Engage your business in building the project

It won’t matter that you have set up the best project team, employed the best implementation partner and designed an incredible system if you have not engaged the business from the start. This is never so true than in implementing a time and attendance system where resistance is normally high, particularly from the operations area of the business where the impact is most visible.
 

An approach of ‘this project will happen so get onboard’ to operational Executives and Managers will not garner buy in. Involving these Executives and Managers at the outset of the project in areas such as defining the business case and project objectives will support a high level of business engagement. By asking the right questions and building an understanding of whether management clearly sees business value from the project’s outputs, ‘true’ commitment can be better elicited.

 

Furthermore, a time and attendance implementation will impact employees at multiple levels of an organisation. These impacts can be the result of changes made to policies, procedures, processes, functions, organisational structures and organisational culture to ensure the new system is fully leveraged and business objectives achieved.

 

Without a dedicated change, communications and training focus, the process of helping staff realise, adapt, accept and transition to a new environment has a high likelihood of failing.

 

If you engage an experienced implementation partner then you are almost guaranteed that the technology won’t fail you. Invariably the failure comes from lack of a definition of the way the new business process will work or the fact that people have not been trained to work in a different way. This is change management.

 
 

Think about how you would like to deploy

There is no single right way to deploy and each customer will be unique in how it deploys the solution. We have worked with customers that will firstly deploy to those areas of their business that return the greatest benefit. Where as other customers will deploy to a smaller site/division to gain the experience and reduce the risk of failure before moving to bigger sites/divisions.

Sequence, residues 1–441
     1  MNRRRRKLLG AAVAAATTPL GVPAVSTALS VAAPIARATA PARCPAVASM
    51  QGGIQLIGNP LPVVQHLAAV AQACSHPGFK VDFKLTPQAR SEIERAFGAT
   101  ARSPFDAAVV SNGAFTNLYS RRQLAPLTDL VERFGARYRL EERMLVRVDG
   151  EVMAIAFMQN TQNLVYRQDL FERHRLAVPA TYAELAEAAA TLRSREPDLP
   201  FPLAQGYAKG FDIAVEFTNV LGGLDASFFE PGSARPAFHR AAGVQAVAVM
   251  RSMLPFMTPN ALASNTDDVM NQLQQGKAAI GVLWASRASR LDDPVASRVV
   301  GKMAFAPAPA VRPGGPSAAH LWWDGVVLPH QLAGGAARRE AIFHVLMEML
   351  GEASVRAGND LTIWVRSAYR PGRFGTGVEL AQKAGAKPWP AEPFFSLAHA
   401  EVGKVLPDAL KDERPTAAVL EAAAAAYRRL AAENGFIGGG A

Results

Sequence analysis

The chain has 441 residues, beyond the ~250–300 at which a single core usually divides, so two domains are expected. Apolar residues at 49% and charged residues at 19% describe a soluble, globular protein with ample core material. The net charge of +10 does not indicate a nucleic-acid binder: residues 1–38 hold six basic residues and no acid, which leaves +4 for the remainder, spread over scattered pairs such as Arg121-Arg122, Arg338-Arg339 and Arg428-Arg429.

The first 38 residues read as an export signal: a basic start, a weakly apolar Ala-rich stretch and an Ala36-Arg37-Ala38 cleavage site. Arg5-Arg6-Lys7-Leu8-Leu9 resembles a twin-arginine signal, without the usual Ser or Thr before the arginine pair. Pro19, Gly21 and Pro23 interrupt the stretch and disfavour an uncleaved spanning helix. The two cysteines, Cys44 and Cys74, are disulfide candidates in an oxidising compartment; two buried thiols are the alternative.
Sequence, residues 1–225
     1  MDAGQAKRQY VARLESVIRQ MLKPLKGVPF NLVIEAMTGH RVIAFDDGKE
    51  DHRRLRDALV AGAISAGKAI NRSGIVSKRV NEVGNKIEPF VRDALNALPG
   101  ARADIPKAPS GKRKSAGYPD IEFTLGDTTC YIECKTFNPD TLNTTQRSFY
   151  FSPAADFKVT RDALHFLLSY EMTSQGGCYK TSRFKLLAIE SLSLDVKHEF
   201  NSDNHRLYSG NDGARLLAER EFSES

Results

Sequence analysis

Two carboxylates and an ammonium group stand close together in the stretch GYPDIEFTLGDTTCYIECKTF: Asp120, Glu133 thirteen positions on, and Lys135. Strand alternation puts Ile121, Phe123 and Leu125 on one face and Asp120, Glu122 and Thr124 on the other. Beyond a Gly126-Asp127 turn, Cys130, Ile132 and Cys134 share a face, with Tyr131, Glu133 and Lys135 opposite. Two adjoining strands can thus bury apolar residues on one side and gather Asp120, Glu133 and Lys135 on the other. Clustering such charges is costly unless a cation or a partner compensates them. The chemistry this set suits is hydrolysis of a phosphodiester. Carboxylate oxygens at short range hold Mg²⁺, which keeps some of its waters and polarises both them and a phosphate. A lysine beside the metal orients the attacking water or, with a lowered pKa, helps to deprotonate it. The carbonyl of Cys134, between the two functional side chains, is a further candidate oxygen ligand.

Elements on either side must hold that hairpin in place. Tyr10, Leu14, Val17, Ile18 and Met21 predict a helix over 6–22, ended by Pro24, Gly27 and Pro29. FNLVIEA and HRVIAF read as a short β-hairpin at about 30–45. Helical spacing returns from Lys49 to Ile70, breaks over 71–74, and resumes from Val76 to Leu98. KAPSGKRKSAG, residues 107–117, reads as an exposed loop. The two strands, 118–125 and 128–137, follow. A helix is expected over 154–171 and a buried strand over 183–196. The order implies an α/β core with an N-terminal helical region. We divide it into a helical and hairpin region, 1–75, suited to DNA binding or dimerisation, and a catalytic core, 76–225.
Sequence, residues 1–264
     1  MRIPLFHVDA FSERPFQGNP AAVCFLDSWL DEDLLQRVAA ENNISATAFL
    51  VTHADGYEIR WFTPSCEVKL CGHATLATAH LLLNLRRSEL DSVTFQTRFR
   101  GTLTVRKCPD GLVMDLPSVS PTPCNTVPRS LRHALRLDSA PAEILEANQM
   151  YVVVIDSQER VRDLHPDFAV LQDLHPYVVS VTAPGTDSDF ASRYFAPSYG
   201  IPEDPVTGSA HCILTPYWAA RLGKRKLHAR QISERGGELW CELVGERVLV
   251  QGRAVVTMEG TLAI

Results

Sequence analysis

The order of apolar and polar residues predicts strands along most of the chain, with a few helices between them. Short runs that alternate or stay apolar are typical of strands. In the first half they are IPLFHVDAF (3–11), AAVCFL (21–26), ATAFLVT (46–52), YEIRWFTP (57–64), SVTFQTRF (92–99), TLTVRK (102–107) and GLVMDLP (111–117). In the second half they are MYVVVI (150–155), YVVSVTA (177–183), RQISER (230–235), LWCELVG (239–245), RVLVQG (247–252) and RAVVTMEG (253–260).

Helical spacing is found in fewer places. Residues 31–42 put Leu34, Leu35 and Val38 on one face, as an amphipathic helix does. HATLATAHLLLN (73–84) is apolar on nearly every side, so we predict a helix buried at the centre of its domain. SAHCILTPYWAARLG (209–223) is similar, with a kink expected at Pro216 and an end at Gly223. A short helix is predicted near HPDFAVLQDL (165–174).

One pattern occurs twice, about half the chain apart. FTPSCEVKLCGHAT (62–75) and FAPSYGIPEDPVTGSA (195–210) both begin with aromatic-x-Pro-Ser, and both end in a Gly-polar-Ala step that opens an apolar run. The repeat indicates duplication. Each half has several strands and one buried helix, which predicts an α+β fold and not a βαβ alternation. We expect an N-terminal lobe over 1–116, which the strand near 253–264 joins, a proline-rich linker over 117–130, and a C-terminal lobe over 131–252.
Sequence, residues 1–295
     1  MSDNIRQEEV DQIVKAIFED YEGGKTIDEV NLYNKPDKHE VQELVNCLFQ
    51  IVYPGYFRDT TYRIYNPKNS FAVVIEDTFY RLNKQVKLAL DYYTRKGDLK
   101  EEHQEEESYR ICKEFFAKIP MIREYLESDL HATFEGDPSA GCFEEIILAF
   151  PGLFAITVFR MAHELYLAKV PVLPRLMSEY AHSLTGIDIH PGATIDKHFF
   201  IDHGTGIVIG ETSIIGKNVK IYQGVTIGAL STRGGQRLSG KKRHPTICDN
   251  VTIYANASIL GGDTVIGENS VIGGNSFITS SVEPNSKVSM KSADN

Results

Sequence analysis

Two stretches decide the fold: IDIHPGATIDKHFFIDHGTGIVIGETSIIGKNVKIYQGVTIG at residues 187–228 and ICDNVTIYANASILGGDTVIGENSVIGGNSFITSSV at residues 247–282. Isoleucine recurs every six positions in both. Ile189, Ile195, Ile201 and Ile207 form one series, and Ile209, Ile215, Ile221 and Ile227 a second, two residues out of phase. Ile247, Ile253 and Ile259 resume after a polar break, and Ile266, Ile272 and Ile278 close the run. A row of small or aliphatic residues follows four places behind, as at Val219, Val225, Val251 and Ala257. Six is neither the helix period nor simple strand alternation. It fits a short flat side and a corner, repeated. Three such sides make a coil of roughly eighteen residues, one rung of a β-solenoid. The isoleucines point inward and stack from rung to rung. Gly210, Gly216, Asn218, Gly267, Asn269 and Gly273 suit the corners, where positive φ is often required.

To help a customer determine the deployment approach, there are a number of considerations such as the technology you have selected, the solution you have designed, the project objectives, business case and business readiness. A score card could be applied to each of these factors to facilitate a decision on what is deployed and when.

 

There will be merits in all approaches; however, what is true is that a big bang approach will only work for customers with a strong support model in place and a high level of engagement from the business.

 

The successful deployments are generally those that have focused on ensuring all users of the system have a huge amount of visible 1st level support from the day the system is turned on. This 1st level support is provided by users from the business who have been involved in testing the system and assisted with the definition of its supporting processes. This allows any immediate problems to be addressed quickly by someone the employee or manager knows. Acceptance of the system increases when problems are addressed quickly and learning gaps are plugged. These users should also play a greater role post the project implementation in ensuring the systems full potential is realised by the users.

 

Peter Gilmer is a Senior Project Manager with Presence of IT and has over 10 years experience in HR & Payroll transformation projects.